In general, the Project Steering Team chairperson is the logical owner of the project, the person with responsibility and accountability for making change happen. This person will possibly be evaluated by his or her management based on the success of the project. (Organizational etiquette suggests that the PACT project manager, the planner of the process leading to that success or failure, must understand how score is kept for the client.)

The Project Steering Team chairperson is the key customer/stakeholder interface and helps identify all other key stakeholders that should be involved in the project. Early in the project, this person provides key input for the development of the Project Plan.

The Project Steering Team chairperson also helps identify other individuals that he or she thinks may be necessary to involve in the conduct of the project. They, too, should be engaged up-front. Many of these key stakeholders may be the future members of the Project Steering Team.

Project Steering Team Members

Project Steering Team members nominally include key leaders of the organizations within the scope of the project. To accomplish its tasks, the Project Steering Team must be composed of the highest level individuals who may benefit from or be affected by the project. The goal is not to get the company CEO on the project, but to get other people with the right authority levels and interest― those with authority to prioritize and then provide dollars and people for the follow-on T&D projects. But in addition to authority, the project manager wants the participation of stakeholders. The project manager wants those with something at stake in the outcomes of the T&D project; those who will have to live with the consequences of doing nothing, doing the wrong thing, or doing the right thing. Those with something at stake could include customers of a process; suppliers; and support organizations such as information systems, field operations, human resources, etc

In selecting candidates for the Project Steering Team, the general rule is to determine who might come forward sometime during the project and question or take exception to what is happening. Better to invite them on day one to have their say and attempt to influence the Project Steering Team. Having them join the fray two months into the project is never ideal.

If a project hits close to their home, candidates who are true stakeholders might be so intrigued by the thought and structure of the planned effort that they might be willing to participate―if they see a return for their investment. Maybe they’ll need to delegate participation. But the goal is to bring in representatives of all key groups!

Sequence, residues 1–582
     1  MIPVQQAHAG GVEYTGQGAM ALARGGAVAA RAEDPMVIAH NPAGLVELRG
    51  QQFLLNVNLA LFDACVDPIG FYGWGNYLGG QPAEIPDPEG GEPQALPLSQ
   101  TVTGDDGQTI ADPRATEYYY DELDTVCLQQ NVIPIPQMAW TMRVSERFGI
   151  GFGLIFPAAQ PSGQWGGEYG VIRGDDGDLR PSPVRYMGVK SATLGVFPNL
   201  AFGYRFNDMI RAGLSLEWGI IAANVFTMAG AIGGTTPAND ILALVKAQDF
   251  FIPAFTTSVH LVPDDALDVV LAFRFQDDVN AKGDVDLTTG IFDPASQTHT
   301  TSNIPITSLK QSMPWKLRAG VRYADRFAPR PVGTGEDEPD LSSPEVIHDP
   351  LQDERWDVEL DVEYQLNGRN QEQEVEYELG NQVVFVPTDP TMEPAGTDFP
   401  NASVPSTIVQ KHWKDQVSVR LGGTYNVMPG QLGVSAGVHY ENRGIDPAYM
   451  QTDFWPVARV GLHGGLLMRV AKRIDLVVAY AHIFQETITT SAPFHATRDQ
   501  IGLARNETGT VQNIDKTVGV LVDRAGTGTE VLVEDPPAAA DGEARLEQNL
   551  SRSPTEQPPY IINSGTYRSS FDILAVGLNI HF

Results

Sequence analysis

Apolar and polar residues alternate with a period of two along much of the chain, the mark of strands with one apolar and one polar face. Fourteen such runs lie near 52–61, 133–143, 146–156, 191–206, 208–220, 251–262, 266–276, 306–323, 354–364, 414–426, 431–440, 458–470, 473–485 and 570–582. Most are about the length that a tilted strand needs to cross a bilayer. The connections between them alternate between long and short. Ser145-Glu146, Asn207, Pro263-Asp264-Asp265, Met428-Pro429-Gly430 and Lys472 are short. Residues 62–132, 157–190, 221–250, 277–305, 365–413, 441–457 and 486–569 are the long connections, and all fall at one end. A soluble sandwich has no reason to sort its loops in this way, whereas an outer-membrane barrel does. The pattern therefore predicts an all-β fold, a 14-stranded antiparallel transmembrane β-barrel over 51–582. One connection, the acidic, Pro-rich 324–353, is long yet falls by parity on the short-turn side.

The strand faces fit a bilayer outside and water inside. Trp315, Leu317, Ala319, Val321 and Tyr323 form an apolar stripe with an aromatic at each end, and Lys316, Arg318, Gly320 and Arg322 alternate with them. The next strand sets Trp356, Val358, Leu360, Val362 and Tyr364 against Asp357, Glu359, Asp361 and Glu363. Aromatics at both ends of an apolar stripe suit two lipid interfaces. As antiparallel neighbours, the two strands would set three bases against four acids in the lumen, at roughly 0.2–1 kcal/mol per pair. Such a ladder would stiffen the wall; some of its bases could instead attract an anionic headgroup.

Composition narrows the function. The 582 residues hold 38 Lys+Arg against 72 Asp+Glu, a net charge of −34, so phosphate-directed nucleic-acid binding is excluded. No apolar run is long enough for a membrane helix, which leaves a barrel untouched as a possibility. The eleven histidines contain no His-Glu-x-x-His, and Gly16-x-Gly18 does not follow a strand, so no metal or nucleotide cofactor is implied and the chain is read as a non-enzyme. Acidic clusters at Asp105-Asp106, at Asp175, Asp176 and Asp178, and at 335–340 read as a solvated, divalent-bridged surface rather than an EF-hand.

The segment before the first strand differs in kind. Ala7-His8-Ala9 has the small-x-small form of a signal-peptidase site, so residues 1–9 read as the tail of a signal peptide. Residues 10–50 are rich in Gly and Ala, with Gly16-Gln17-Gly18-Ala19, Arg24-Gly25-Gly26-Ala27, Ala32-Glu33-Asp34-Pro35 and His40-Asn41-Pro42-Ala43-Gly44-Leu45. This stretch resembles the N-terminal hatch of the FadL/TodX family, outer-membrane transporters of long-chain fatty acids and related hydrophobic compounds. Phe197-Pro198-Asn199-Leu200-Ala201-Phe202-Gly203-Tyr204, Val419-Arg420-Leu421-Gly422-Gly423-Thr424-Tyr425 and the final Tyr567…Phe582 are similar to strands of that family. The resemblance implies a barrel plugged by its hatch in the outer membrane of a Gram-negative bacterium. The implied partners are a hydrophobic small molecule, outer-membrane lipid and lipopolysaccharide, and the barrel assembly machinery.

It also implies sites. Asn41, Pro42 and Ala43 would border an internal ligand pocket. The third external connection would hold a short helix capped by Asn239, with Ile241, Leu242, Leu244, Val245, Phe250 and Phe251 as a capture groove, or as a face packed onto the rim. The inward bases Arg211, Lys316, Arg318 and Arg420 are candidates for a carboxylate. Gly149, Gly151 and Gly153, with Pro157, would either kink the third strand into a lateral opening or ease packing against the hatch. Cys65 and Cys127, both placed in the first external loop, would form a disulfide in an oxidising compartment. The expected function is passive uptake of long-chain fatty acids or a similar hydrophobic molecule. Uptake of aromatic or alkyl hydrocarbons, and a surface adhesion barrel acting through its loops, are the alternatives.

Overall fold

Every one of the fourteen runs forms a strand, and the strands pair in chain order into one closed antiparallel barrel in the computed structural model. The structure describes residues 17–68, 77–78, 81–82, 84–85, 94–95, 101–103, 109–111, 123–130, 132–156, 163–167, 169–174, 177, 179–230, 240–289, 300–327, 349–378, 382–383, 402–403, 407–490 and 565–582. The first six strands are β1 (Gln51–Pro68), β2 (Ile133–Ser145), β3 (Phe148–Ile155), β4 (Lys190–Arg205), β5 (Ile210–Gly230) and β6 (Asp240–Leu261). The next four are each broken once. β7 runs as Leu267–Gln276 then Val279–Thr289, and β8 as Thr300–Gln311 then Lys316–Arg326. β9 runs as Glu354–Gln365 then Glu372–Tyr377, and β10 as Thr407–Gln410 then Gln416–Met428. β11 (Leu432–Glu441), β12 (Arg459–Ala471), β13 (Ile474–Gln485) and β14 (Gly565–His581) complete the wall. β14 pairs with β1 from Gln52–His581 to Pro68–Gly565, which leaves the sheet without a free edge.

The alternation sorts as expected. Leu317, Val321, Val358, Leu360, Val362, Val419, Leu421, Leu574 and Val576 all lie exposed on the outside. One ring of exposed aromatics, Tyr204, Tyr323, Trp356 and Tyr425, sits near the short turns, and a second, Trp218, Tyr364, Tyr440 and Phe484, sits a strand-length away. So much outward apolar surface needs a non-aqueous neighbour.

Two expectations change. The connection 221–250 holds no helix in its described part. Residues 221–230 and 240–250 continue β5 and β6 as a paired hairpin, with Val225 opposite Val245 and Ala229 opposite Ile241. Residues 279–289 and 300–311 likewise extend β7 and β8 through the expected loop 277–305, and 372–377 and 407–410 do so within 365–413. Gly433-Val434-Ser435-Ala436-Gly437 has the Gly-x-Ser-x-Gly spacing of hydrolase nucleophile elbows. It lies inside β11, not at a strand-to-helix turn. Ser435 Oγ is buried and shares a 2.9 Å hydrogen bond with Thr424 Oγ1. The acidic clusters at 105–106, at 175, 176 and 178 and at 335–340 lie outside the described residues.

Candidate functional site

How many members are on a Project Steering Team? The fewer members, the faster things may move. The more members, the less likelihood any one individual can negatively influence the project. It’s a balancing act.

Establishing a formal Project Steering Team ensures that key stakeholders “buy in” to the Project Plan politically, that it makes business sense, and that the outputs and planned tasks will be supported during and after the project. The Project Steering Team handpicks all other team members, and that goes a long way to ensuring that the outputs produced by those teams have credibility. That is extremely important because the volume of data in the outputs produced makes it problematic that the Project Steering Team will be able to do a thorough review. Besides, it’s better to build in quality early than to attempt to inspect it in later.

I will follow up with an additional post or two on the other teams involved in PACT – or any ISD methodology soon.

# # #

One comment on “RAPID Analysis & Design & Development Via Collaboration Via Facilitated Teams – Part 1

  1. Pingback: RAPID Analysis & Design & Development Via Collaboration Via Facilitated Teams – Part 2 « EPPIC – Pursuing Performance

Leave a Reply

Please log in using one of these methods to post your comment:

WordPress.com Logo

You are commenting using your WordPress.com account. Log Out /  Change )

Google photo

You are commenting using your Google account. Log Out /  Change )

Twitter picture

You are commenting using your Twitter account. Log Out /  Change )

Facebook photo

You are commenting using your Facebook account. Log Out /  Change )

Connecting to %s

This site uses Akismet to reduce spam. Learn how your comment data is processed.